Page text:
- Designated Hero: When we've got nothing but the narrative's word for it that the fellow the book follows is, in fact, the good guy.
- Designated Love Interest: When we've got nothing but the narrative's word for it that the fellow the book follows is, in fact, romantically attached to the heroine.
- Designated Villain: Likewise, the character in question has never done anything especially evil, but the narrative leaves no room for doubt. Often paired with Designated Hero, though you can have one without the other.
- Faux Action Girl: We're told she's a badass, but it certainly doesn't look that way.
- Hollywood Homely: Casting an attractive actor or actress to play someone who's supposed to be bland looking or even downright ugly.
- Hollywood Pudgy: Alice is of ideal or slightly below ideal weight, has broad shoulders, and has round cheeks. Alice is fat.
- Informed Attribute: We are told that Alice is smart/funny/ugly/pretty/can turn into a bat, but we never see any evidence for this.
- Informed Ability "...and Alice, who could turn into a pink butterfly on a whim, dragged herself out of bed and drove to work."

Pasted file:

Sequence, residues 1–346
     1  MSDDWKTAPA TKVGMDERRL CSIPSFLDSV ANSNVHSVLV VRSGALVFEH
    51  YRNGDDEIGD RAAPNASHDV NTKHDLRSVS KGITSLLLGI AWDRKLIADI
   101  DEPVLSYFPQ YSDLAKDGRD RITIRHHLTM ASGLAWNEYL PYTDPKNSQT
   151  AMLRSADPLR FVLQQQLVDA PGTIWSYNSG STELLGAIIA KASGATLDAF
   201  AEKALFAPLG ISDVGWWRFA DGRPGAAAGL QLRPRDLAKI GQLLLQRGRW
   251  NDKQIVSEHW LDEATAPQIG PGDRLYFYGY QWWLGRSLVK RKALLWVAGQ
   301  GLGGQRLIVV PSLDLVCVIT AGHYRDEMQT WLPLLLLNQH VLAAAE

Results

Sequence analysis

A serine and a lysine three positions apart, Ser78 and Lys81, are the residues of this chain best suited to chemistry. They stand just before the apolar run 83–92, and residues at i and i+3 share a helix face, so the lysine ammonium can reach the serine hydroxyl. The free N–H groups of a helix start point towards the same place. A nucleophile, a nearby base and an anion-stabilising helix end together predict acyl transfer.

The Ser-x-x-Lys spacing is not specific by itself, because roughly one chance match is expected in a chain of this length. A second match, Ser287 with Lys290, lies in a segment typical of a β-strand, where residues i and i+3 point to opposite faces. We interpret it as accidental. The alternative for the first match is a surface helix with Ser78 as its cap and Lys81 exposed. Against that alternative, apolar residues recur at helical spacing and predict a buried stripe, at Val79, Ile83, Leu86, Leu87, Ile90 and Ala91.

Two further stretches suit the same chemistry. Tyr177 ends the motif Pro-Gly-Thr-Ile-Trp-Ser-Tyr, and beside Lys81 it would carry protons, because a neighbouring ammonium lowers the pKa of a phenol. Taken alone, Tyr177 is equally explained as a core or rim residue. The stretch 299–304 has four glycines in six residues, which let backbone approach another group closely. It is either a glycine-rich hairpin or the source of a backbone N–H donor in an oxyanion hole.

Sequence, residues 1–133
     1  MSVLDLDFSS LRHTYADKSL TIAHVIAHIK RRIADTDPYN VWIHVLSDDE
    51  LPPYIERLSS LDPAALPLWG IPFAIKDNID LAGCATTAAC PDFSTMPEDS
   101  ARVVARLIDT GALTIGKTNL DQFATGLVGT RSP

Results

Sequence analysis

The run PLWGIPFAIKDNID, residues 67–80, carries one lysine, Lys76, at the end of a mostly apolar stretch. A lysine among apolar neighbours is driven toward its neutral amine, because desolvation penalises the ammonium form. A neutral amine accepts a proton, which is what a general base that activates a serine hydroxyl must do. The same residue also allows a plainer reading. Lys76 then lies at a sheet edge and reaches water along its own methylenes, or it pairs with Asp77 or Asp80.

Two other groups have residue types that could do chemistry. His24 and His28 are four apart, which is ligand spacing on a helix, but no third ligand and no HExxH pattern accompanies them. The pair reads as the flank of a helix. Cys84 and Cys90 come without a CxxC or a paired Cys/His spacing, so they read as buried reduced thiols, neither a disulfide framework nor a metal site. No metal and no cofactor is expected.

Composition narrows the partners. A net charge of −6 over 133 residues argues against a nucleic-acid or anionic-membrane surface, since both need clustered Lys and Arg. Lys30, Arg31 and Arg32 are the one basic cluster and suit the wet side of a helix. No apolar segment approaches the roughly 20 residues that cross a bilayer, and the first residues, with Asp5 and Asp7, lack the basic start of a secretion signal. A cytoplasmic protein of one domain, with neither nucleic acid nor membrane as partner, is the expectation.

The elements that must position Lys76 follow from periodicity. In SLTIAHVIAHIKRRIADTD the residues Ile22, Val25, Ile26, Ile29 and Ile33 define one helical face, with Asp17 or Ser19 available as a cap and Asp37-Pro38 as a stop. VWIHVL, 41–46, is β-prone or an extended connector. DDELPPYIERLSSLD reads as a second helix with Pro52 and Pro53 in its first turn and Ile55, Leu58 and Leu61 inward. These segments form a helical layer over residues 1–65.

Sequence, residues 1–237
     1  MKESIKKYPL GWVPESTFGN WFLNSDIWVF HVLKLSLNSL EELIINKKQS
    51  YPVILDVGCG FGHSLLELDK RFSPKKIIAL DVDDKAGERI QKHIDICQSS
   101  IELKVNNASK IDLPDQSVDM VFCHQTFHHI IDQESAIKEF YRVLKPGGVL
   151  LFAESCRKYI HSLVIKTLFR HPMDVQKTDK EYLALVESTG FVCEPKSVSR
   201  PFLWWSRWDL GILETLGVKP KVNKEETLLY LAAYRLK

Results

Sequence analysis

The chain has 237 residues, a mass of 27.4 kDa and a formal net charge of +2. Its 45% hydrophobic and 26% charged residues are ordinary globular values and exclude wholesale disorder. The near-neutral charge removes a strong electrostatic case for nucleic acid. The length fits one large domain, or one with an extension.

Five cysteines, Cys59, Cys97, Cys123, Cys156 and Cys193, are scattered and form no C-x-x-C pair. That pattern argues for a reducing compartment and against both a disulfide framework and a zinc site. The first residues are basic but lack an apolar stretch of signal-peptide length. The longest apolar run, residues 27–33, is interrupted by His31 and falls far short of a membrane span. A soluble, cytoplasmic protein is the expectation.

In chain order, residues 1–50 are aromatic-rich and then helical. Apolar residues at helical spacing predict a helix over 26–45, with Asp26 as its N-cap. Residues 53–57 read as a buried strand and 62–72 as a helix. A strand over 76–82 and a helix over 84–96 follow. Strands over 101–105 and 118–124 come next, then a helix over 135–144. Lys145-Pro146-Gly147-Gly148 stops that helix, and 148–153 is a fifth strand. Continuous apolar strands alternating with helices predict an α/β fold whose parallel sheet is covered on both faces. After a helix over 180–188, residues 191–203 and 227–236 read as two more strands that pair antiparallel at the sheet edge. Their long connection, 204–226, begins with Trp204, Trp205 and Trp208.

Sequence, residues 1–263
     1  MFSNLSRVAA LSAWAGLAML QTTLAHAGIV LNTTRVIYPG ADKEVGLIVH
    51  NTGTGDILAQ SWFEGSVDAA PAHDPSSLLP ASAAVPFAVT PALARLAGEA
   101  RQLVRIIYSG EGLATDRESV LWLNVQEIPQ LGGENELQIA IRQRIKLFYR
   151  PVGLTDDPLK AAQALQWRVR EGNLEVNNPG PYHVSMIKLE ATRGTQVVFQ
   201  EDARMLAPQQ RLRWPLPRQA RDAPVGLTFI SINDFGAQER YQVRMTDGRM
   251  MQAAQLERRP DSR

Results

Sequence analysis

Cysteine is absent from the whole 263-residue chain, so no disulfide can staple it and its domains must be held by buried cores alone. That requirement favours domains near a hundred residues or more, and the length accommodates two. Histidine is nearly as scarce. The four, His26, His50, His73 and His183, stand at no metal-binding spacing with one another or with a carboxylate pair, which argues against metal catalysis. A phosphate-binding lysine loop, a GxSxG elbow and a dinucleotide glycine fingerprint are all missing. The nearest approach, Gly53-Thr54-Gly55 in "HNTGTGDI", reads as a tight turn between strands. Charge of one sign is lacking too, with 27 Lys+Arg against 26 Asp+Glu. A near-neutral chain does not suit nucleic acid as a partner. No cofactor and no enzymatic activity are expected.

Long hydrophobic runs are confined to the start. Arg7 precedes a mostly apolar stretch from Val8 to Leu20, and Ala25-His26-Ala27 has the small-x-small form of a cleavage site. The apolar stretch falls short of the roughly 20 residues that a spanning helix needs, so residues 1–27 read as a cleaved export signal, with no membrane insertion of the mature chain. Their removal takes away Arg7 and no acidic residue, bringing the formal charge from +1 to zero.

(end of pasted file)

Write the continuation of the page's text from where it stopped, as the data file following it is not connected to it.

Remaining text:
- Informed Attractiveness: Alice is described as drop-dead gorgeous in story, but the audience doesn't really react to her that way.
- Informed Deformity: "Alice and Bob might both have been stick figures, but by God, he was hideous."
- Informed Flaw: You are blind.
- Informed Judaism: "Oy vey", said Alice, munching on a bagel. "Didn't you guys ever notice I don't go to church on Sundays?" Bob replied, "I noticed you don't go anywhere on Saturdays, either!"
- Informed Loner: "I don't like being around others," said Alice to Bob and 20 of their very best friends. On being told this, nobody left the room.
- Informed Wrongness: Bob told Alice that the moon orbits the Earth, ignoring the clear evidence she'd presented that everything in the universe orbited her. Well, we can't all be smart like Alice.
- Offstage Villainy: The villain is said to have done something malicious, but we do not get to see it happen to understand how evil he/she really is.
- The Pirates Who Don't Do Anything: Have a job which would involve distinctly non-heroic behavior for your hero? Don't worry, just don't have them do it. It's not like killing people is an important part of being an assassin anyway.